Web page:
posted by mygothlaundry at 10:48 AM on January 6, 2009


Wait. Yes. I mean, yes, it is WAY less wasteful than tossing all the stew. Sorry. Caffeine underdose this morning.
posted by mygothlaundry at 10:49 AM on January 6, 2009


Somewhat random, but apropos:

One thing I didn't know till an organic chemist told me: merely boiling stuff that's gone bad (to kill the cooties) will not make it healthful. Many microbes that spoil food excrete toxins, and those toxins can't be purged by heating.

Another issue: someone mentioned rancidity. Most of us are so used to rancidity that we don't perceive it as an "off" aroma. It's good to take time to really learn what rancidity smells like (similarly, many of us are accustomed to skunky-tasting beer, because beer bottled in green and clear glass and exposed to light almost always has this off-flavor...which is caused by interaction of light and an enzyme in the hops)
posted by jimmyjimjim at 10:52 AM on January 6, 2009 [1 favorite]


Many homemade stock recipes suggest making a huge batch and freezing it. This isn't a direct answer to your question, but maybe you could freeze your half-used prepared stock so it would keep until you needed it?
posted by pocams at 11:06 AM on January 6, 2009 [2 favorites]


Well---I realized I wasn't clear in my question (or got myself distracted). (1) I often have half-boxes of packaged stock, and I try to write the date I open them with a sharpie, but sometimes I (or my husband) forget. So it sounds like look and smell will go pretty far, plus how long it's been in the fridge.

(2) What about homemade stock? What instigated the question was actually a batch of beef broth I made...and we meant to freeze it over the weekend (i think we finished making it Friday, maybe), but, well, stuff got in the way. So here it is Tuesday...and it looks and smells (and tastes) ok, but is it really? (yeah, that's rhetorical; I know a bunch of folks on the internet can't tell me if the broth that's now in my freezer is ok)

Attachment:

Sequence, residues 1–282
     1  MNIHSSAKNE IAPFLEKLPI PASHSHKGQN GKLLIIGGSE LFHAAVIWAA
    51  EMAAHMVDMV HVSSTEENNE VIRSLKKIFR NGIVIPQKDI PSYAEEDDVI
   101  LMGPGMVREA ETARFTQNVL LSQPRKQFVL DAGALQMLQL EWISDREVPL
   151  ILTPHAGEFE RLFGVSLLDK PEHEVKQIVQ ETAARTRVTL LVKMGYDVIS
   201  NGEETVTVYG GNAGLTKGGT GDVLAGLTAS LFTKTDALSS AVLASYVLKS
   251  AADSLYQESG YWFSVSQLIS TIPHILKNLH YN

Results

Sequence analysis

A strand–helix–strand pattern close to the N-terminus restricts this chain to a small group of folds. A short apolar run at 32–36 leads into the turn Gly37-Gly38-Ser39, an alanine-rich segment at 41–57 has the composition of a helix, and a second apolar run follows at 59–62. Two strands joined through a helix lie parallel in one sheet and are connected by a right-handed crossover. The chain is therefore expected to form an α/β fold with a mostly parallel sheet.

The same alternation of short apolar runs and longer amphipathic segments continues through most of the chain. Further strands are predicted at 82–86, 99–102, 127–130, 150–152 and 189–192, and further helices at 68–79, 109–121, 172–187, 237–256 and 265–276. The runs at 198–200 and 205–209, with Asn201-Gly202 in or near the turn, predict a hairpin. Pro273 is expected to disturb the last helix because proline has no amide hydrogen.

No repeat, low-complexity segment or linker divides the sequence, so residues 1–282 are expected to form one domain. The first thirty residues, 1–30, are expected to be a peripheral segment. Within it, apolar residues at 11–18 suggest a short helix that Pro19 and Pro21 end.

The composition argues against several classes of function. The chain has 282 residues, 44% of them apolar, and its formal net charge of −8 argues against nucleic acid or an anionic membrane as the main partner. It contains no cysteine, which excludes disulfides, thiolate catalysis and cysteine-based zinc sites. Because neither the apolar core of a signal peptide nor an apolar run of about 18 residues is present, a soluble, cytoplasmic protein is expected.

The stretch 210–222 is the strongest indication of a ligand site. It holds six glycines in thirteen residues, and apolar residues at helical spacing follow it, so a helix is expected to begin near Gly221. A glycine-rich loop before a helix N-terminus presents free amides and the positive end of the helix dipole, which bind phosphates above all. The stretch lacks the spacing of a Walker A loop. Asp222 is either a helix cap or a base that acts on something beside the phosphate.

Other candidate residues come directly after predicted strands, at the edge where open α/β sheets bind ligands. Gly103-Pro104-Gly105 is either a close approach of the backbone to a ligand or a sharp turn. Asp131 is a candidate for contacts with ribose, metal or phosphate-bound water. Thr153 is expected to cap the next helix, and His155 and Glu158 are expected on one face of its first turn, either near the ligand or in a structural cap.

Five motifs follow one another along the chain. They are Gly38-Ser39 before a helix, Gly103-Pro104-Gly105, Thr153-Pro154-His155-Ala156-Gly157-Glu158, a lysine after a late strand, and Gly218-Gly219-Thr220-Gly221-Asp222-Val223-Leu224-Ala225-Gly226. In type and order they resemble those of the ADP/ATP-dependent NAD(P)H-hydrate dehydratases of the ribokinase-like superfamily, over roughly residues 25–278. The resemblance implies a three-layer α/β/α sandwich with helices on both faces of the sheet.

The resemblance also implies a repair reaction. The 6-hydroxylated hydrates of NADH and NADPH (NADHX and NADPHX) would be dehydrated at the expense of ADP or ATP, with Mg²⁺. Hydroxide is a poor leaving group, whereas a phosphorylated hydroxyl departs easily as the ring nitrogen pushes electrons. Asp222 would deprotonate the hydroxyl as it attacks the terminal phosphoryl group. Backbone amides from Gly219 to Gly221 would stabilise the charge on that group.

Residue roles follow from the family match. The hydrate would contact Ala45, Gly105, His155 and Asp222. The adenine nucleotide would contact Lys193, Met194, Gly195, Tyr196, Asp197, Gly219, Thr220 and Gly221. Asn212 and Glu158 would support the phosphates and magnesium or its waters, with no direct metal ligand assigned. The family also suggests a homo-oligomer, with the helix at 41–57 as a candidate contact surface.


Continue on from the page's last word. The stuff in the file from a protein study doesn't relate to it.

Thanks for all the responses.
posted by leahwrenn at 11:33 AM on January 6, 2009


Oh, as long as it was refrigerated well within the danger zone timeframe and it's been kept in a properly temped fridge, I would say it's fine. So, did you cool it rapidly down to or below 39 degrees F within an hour and then did you keep it below 39 degrees F? If so, freeze it and use it with a good conscience!
posted by cooker girl at 11:48 AM on January 6, 2009


Stock gets boiled when it is cooked, so it has fewer bacteria present to start. The fat covering may help a bit more. However, stock is a perfect medium for growing bacteria. If it smells good, and is under 1 week old, I'd use it.
posted by theora55 at 1:07 PM on January 6, 2009


You made it Friday? Feh, in our kitchen, no one would think twice about using it.
posted by mkultra at 1:19 PM on January 6, 2009


@ question 2, homemade stock, made before the weekend, refrigerated in the meantime, how is it on Tuesday...
Definitely fine, or I wouldn't be writing this. Unless, of course, your container was secretly contaminated with something that wants to grow fast.
I'd boil it again for a short while before freezing, but that's me being superstitious.
posted by Namlit at 1:22 PM on January 6, 2009


It starts to smell lke old socks.
I have relatives who work in microbiology, and I used to visit the labs, so I can tel you that's exactly what a bacterial culture (made with industrial broth) smells like.
posted by bad grammar at 6:58 PM on January 6, 2009